University Medical Center Utrecht (UMC Utrecht) belongs to the largest public healthcare institutions in the Netherlands. It was created in 2000 through the merger of Utrecht Academic Hospital, Wilhelmina Children’s Hospital and the Medical Faculty of Utrecht University. UMC Utrecht has the ambition to be a leading international healthcare provider, medical school and research institute that is exciting for its people, attractive to talent and embodies a culture of teamwork, innovation, sustainability and high performance. As a patient-centered organization, its 11,000 employees are dedicated to prevent disease, improve healthcare, develop new treatment methods and refine existing ones, with patient safety and quality as cornerstones. Strategic research programs are Brain, Child Health, Circulatory Health, Infection & Immunity, Personalized Cancer Care and Regenerative Medicine & Stem Cells. UMC Utrecht is embedded in a vibrant and entrepreneurial science community where knowledge about health, disease and healthcare is generated, validated, shared and applied. For more information, visit www.umcutrecht.nl or follow us on Twitter @UMCU_INTL.

About IMI ND4BB programma
Antibiotic-resistant bacteria kill 25 000 people in the EU every year, and cost the economy €1.5 billion. Innovative Medicines Initiative (IMI) New Drugs 4 Bad Bugs (ND4BB) programme represents an unprecedented partnership between industry, academia and biotech organisations to combat antibiotic resistance in Europe by tackling the scientific, regulatory, and business challenges that are hampering the development of new antibiotics. For more information on COMBACTE MAGNET, visit www.combacte.com. For more information on IMI, visit www.imi.europa.com.

* Participants COMBACTE-MAGNET
Universities, research organizations, public bodies, non-profit groups:
University Medical Center Utrecht, Netherlands; University of Antwerp, Belgium; Université de Genève, Switzerland; Eberhard Karls Universität Tuebingen, Germany; Stichting Katholieke Universiteit / Radboud University Nijmegen Medical Centre, The Netherlands; Servicio Andaluz de Salud, Spain; Universitaetsklinikum Freiburg, Germany; University of Oxford, UK; Universität Ulm, Germany; University of Zurich, Switzerland; Institut de Cardiométabolisme et Nutrition, France; Consorci Institut d'Investigacions Biomèdiques August Pi i Sunyer, Spain; Centre Hospitalier Universitaire Vaudois, Switzerland; Servicio Madrileño de Salud, Spain; University College London, UK; Paediatric European Network for the Treatment of AIDS and Infectious Diseases, UK; European Forum for Good Clinical Practice, Belgium; Academic Medical Center, The Netherlands; Hospital Universitario Son Espases, Spain; Centre Hospitalier Universitaire de Limoges, France; Institut National de la Santé Et de la Recherche Médicinale, France; North Bristol NHS Trust, UK; Erasmus MC, The Netherlands;University of Liverpool, UK; TranScrip Partners LLP, UK; University of Bristol, UK; Ursula Theuretzbacher; Center for Anti-Infective Agents, Austria; Institut Català de la Salut - Hospital Universitari de Bellvitge, Catalonia, Spain; Medical University of Vienna, Austria; Assistance Publique-Hôpitaux de Paris, France; Royal Liverpool & Broadgreen University Hospitals NHS Trust, UK; University of the West of England, UK; Cliniques Universitaires Saint Luc, Belgium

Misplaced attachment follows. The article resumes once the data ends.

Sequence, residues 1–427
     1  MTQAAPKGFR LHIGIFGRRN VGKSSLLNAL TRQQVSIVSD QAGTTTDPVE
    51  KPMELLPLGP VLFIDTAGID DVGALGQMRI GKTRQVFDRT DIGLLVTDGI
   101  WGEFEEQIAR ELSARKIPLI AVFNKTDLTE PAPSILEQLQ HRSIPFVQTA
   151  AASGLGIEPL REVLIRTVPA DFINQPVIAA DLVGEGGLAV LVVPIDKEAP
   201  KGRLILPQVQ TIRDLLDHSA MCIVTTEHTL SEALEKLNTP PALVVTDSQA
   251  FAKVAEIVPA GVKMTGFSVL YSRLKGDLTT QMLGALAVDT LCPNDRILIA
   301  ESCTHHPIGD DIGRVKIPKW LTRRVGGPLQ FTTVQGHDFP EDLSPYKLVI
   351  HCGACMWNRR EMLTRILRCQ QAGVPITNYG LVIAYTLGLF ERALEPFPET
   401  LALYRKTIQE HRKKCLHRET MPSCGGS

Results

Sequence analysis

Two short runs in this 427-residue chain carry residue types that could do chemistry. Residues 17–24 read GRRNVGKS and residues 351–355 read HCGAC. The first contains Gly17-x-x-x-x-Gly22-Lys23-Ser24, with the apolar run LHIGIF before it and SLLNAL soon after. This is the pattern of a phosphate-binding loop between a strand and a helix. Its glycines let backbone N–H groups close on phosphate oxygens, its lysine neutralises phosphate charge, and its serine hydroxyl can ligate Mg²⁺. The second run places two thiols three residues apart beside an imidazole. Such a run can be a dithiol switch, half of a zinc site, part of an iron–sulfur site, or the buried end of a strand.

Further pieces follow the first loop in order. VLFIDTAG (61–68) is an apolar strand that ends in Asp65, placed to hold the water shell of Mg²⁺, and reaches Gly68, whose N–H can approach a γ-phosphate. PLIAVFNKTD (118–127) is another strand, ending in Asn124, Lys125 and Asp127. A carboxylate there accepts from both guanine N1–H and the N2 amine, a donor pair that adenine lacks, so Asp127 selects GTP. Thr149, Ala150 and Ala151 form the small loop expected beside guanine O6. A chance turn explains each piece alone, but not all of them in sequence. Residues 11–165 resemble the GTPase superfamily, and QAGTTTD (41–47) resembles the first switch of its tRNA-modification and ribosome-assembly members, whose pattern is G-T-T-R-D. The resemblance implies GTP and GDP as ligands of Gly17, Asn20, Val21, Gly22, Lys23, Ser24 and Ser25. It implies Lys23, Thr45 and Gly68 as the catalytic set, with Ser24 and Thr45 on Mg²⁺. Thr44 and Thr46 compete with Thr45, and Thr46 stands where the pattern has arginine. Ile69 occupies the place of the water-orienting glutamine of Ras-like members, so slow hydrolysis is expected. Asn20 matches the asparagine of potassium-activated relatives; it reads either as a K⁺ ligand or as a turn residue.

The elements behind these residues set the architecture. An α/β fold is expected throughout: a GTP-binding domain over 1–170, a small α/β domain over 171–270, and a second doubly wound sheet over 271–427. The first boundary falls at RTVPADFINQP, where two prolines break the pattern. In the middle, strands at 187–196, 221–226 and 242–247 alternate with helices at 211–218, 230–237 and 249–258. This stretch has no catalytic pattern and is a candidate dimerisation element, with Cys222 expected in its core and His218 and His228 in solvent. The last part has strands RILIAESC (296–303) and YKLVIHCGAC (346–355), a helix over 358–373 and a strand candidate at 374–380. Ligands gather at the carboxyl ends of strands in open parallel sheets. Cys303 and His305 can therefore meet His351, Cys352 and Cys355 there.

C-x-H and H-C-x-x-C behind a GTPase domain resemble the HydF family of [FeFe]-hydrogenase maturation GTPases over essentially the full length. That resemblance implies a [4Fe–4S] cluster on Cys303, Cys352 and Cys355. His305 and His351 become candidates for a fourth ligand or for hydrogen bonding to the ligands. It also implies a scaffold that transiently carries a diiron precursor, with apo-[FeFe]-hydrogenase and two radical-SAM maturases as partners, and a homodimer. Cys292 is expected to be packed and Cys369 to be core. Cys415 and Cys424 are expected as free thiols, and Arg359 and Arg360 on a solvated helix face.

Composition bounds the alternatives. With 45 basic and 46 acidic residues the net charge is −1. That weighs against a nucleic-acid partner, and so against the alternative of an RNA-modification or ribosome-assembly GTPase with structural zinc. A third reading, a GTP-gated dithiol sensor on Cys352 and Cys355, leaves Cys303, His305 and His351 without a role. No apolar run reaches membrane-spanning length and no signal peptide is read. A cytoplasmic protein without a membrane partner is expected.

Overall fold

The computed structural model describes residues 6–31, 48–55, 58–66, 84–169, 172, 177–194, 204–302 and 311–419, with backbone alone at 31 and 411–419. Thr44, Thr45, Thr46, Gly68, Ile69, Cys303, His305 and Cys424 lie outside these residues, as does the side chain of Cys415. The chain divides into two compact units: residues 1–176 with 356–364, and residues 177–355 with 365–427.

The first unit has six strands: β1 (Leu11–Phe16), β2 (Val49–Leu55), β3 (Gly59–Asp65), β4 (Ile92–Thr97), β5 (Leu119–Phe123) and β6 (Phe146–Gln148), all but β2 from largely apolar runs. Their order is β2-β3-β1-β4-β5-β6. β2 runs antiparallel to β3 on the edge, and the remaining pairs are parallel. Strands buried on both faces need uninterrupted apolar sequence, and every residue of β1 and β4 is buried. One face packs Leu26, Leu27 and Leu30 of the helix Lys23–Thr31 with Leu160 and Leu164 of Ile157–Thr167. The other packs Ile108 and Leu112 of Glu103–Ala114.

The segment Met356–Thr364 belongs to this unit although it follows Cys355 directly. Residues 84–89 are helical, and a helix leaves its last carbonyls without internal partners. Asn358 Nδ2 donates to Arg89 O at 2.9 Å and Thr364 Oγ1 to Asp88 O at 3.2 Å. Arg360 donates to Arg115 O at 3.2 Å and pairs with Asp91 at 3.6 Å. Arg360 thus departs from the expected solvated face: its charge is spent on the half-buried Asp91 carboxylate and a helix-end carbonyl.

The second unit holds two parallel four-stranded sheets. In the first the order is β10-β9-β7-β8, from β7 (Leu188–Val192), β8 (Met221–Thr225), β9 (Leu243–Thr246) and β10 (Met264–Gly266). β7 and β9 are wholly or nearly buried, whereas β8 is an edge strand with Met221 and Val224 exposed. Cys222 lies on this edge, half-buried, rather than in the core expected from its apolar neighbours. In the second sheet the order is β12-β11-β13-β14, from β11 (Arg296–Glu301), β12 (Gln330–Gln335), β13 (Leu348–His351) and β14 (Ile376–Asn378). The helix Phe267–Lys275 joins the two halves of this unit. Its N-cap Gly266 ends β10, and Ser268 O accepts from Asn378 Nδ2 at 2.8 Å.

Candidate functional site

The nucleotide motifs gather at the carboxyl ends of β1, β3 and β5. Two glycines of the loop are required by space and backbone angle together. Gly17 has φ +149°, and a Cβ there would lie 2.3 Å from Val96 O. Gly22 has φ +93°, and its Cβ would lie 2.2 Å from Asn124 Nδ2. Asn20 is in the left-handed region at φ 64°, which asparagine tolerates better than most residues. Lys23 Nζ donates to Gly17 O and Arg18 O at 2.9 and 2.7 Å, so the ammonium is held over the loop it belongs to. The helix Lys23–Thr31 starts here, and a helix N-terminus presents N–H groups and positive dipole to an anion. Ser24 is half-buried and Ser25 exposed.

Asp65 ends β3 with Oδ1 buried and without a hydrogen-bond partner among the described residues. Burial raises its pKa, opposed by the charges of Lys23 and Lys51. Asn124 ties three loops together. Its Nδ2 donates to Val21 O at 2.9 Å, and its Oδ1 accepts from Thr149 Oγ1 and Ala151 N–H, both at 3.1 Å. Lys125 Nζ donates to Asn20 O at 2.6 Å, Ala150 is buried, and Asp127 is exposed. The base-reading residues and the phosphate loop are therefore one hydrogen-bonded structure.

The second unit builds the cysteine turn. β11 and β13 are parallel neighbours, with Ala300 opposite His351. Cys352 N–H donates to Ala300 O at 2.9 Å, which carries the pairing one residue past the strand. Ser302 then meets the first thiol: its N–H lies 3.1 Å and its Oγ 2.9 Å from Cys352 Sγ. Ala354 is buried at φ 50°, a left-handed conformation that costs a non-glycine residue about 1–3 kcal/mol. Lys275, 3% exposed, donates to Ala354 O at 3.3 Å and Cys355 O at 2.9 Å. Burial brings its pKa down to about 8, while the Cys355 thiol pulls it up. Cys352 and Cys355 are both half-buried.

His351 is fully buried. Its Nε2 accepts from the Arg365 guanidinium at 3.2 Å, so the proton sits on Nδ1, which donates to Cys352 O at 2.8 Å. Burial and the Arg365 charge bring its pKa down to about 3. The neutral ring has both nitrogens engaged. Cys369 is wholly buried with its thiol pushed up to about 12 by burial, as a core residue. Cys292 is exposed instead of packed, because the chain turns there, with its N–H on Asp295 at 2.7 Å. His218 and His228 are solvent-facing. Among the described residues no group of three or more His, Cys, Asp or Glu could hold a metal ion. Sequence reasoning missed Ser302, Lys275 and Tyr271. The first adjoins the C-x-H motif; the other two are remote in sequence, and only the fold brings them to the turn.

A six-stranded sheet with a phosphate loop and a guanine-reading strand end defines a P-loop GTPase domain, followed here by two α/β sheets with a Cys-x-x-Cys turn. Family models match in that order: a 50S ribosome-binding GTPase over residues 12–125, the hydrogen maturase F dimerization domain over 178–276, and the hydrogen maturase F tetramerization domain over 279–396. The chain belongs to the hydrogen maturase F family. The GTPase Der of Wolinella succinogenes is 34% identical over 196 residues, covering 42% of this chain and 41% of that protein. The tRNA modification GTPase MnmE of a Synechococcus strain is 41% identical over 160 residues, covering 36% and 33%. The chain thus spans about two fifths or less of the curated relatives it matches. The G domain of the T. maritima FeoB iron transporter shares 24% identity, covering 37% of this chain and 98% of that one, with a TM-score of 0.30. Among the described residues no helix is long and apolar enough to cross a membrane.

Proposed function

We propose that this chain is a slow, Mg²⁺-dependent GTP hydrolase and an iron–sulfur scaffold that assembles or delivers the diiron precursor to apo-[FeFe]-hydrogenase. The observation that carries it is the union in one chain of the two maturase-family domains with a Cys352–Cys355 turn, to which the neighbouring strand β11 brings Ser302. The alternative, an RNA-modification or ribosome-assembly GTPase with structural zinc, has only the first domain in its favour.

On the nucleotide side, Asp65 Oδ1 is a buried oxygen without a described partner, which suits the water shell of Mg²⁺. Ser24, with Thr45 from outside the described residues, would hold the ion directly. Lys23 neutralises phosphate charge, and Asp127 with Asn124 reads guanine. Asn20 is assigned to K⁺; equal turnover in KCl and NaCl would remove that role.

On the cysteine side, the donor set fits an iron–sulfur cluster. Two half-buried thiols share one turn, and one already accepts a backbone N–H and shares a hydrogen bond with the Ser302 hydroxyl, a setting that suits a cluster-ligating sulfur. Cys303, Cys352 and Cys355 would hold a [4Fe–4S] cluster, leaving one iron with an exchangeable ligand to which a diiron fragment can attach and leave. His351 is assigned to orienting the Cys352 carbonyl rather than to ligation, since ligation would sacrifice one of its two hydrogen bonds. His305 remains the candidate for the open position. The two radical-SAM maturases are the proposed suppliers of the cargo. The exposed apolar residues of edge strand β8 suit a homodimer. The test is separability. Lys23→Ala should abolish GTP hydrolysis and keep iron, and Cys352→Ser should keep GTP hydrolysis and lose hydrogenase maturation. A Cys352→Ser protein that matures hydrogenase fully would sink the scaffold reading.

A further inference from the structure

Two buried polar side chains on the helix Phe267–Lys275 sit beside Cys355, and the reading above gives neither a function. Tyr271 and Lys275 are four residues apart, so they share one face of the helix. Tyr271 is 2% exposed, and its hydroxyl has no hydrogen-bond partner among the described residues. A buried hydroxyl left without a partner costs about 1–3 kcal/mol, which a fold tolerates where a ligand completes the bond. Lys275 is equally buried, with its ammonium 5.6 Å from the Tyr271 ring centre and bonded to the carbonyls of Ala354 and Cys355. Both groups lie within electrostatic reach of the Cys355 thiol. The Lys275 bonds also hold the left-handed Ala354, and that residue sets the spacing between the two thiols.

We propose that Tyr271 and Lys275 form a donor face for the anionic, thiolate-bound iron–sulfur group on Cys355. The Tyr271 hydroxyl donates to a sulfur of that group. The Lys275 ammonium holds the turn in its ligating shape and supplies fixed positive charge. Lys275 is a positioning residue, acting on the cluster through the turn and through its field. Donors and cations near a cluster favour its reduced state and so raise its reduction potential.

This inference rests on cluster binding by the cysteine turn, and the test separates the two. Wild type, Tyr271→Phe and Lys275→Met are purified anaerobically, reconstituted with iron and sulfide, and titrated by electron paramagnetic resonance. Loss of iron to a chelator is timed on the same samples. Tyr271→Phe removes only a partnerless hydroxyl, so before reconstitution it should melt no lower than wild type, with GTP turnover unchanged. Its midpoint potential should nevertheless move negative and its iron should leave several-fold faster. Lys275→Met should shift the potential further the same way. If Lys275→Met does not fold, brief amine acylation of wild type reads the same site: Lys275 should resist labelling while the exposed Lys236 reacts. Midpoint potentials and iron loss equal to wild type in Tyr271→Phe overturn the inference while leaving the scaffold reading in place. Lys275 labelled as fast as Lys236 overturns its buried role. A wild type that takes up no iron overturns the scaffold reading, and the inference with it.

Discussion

EFPIA companies:
AstraZeneca / MedImmune, UK; AiCuris GmbH & Co., Germany; GlaxoSmithKline Research and Development Ltd, UK; Basilea Pharmaceutica International, Switzerland; Sanofi, France